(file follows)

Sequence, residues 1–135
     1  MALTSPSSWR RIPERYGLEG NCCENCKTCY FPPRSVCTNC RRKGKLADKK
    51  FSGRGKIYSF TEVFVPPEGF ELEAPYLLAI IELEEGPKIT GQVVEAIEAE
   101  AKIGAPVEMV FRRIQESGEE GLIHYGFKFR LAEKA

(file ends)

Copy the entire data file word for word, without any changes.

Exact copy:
Sequence, residues 1–135
     1  MALTSPSSWR RIPERYGLEG NCCENCKTCY FPPRSVCTNC RRKGKLADKK
    51  FSGRGKIYSF TEVFVPPEGF ELEAPYLLAI IELEEGPKIT GQVVEAIEAE
   101  AKIGAPVEMV FRRIQESGEE GLIHYGFKFR LAEKA